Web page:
Forces on particles are a fundamental concept in condensed matter physics and chemistry. These forces describe the interactions that cause particles, such as atoms and molecules, to move and behave in specific ways. In VASP, forces result from electromagnetic interactions, which can be computed by means of the Hellmann-Feynman theorem within DFT, the random-phase approximation or by the use of machine learning force fields. Understanding interaction forces between atoms is crucial in many aspects of science, for example:
- predicting the atomic structure of solids and molecules (ionic relaxation)
- chemical reactions, catalysis, etc. (transition states)
- thermodynamic processes (molecular dynamics)
Formally, the force can be defined as follows. Let be the position of the particle, then the velocity is defined as the change of position with time
and the momentum of the particle is the velocity times the particle mass
Newton's second law of motion states that the change of motion of an object is proportional to the force acting on the object and oriented in the same direction as the force vector. Therefore, the force is defined as the change of particle momentum with time
where is the acceleration of the particle. With this equation of motion, the knowledge of some starting conditions and and an algorithm to compute the forces the trajectory of a particle can be predicted for all times.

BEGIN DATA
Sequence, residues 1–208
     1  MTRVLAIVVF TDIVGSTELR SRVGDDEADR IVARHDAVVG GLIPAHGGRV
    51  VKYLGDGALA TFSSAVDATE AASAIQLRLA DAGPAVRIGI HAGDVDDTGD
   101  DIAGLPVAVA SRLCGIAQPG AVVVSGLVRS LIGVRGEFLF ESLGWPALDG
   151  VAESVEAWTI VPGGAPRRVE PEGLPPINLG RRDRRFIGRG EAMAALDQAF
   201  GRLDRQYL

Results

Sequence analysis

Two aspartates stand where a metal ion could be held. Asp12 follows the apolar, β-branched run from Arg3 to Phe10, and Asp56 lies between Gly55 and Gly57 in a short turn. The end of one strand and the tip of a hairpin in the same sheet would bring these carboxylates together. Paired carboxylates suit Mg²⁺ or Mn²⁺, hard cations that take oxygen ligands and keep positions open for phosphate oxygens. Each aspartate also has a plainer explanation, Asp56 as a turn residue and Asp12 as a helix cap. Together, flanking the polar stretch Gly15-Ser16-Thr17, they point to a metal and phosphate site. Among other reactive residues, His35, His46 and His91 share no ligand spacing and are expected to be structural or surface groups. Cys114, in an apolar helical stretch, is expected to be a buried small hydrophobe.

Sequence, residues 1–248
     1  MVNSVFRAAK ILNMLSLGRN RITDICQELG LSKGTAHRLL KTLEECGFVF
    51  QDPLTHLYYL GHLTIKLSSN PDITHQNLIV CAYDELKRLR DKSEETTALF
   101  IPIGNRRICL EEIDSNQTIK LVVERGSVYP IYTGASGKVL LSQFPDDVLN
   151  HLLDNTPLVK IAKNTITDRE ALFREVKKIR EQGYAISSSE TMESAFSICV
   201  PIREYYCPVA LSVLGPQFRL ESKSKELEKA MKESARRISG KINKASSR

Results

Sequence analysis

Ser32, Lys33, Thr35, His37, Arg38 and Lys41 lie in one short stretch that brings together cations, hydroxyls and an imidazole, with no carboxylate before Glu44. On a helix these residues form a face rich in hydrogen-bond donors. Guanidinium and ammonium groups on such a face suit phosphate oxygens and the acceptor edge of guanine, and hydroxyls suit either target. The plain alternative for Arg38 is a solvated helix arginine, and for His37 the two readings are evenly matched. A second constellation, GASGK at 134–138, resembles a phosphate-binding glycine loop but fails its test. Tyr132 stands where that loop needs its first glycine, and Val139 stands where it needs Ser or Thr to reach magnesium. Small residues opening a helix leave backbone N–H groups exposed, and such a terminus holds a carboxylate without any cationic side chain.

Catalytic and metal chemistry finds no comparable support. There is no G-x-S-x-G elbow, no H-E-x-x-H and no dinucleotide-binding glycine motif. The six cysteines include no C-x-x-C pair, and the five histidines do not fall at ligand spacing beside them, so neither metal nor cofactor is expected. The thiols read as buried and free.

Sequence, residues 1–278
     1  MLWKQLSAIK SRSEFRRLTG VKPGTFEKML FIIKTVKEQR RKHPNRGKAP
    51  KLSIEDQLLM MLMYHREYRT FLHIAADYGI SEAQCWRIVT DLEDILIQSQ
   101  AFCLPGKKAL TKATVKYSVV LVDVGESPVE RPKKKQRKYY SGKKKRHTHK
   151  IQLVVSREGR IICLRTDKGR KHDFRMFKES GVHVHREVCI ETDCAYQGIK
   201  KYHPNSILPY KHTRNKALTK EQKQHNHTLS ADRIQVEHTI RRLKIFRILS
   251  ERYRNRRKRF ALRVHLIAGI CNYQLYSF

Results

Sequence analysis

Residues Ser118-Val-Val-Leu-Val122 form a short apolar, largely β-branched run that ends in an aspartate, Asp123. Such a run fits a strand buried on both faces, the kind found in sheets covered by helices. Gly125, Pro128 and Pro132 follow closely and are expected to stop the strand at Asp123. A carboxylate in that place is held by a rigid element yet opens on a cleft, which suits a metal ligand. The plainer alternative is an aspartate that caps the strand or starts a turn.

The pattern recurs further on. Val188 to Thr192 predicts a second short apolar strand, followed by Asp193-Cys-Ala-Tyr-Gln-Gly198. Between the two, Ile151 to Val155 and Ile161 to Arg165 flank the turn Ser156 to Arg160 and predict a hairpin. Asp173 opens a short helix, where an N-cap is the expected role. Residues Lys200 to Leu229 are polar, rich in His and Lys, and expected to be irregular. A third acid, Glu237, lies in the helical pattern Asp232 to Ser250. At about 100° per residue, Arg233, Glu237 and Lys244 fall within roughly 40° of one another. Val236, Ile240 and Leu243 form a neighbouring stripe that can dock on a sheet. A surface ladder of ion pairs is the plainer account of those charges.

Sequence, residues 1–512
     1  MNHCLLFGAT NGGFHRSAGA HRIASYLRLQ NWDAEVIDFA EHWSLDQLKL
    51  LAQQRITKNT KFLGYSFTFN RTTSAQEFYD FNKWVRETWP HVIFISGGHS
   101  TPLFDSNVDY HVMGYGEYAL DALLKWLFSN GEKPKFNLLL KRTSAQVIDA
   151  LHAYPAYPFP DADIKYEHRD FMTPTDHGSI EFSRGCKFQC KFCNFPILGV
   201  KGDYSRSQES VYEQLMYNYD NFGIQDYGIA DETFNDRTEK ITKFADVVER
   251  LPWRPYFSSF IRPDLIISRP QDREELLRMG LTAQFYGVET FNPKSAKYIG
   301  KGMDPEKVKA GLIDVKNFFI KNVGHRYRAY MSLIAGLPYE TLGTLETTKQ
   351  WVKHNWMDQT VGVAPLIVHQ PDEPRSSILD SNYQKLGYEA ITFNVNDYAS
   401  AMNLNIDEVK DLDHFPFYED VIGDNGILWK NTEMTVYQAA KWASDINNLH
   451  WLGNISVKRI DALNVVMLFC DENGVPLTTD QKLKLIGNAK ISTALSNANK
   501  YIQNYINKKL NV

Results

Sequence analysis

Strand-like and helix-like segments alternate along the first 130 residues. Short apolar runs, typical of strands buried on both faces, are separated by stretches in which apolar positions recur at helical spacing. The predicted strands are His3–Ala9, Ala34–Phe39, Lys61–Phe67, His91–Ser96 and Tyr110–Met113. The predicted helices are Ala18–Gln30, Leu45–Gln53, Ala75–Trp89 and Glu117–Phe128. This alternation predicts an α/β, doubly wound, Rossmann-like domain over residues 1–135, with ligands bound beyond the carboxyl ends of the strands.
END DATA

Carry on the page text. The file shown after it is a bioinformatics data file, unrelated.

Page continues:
The force and the negative gradient of the potential energy is directly related. The gradient of the potential energy can be computed from the Lagrangian of the particle system of interest. The Lagrangian for an N particle system is
where is the potential energy of the system. With Lagrange's equation of the second kind
In order to predict forces and particle trajectories, the negative gradient of the potential energy has to be computed.
One way to compute the potential energy's negative gradient is through DFT. In DFT there is no classical potential energy function but a Hamiltonian depending on the ionic positions and the electronic positions . The exact form of the Hamiltonian is given by
where denotes the electronic ground-state density and are the Kohn-Sham orbitals. is the exchange-correlation energy. To obtain the force acting on ion A, the Hellmann-Feynman theorem has to be used.
where denotes the gradient with respect to ionic position . The DFT forces will depend on the chosen exchange-correlation functional via the electronic ground-state density . Therefore, the choice of the proper exchange-correlation functional for the system of interest is crucial for obtaining proper forces and, hence, the correct material properties.
The RPA approximation can be used to yield estimates for the exchange-correlation energy as well as forces (LRPAFORCE) within many-body perturbation theory. Note that the RPA is a correction to the underlying functional. Therefore, the choice of the proper exchange-correlation functional is still crucial in the RPA approach for obtaining forces.